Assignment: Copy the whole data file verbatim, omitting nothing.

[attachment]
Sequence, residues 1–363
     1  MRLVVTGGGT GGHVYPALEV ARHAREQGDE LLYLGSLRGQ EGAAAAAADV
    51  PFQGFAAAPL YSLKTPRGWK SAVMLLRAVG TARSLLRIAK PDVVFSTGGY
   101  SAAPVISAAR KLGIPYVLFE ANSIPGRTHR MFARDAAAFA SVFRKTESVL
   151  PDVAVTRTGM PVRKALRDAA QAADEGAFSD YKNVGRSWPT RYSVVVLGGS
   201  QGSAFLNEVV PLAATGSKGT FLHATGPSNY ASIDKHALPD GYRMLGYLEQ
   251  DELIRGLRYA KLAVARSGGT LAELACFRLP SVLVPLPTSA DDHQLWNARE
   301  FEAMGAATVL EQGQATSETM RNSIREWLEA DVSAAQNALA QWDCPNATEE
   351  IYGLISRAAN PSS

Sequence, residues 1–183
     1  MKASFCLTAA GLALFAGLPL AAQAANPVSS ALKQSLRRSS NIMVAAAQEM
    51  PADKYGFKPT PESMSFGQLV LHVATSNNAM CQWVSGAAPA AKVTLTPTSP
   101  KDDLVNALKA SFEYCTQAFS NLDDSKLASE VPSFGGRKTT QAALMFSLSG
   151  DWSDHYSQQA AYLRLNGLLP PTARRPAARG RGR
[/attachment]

Sequence, residues 1–363
     1  MRLVVTGGGT GGHVYPALEV ARHAREQGDE LLYLGSLRGQ EGAAAAAADV
    51  PFQGFAAAPL YSLKTPRGWK SAVMLLRAVG TARSLLRIAK PDVVFSTGGY
   101  SAAPVISAAR KLGIPYVLFE ANSIPGRTHR MFARDAAAFA SVFRKTESVL
   151  PDVAVTRTGM PVRKALRDAA QAADEGAFSD YKNVGRSWPT RYSVVVLGGS
   201  QGSAFLNEVV PLAATGSKGT FLHATGPSNY ASIDKHALPD GYRMLGYLEQ
   251  DELIRGLRYA KLAVARSGGT LAELACFRLP SVLVPLPTSA DDHQLWNARE
   301  FEAMGAATVL EQGQATSETM RNSIREWLEA DVSAAQNALA QWDCPNATEE
   351  IYGLISRAAN PSS

Sequence, residues 1–183
     1  MKASFCLTAA GLALFAGLPL AAQAANPVSS ALKQSLRRSS NIMVAAAQEM
    51  PADKYGFKPT PESMSFGQLV LHVATSNNAM CQWVSGAAPA AKVTLTPTSP
   101  KDDLVNALKA SFEYCTQAFS NLDDSKLASE VPSFGGRKTT QAALMFSLSG
   151  DWSDHYSQQA AYLRLNGLLP PTARRPAARG RGR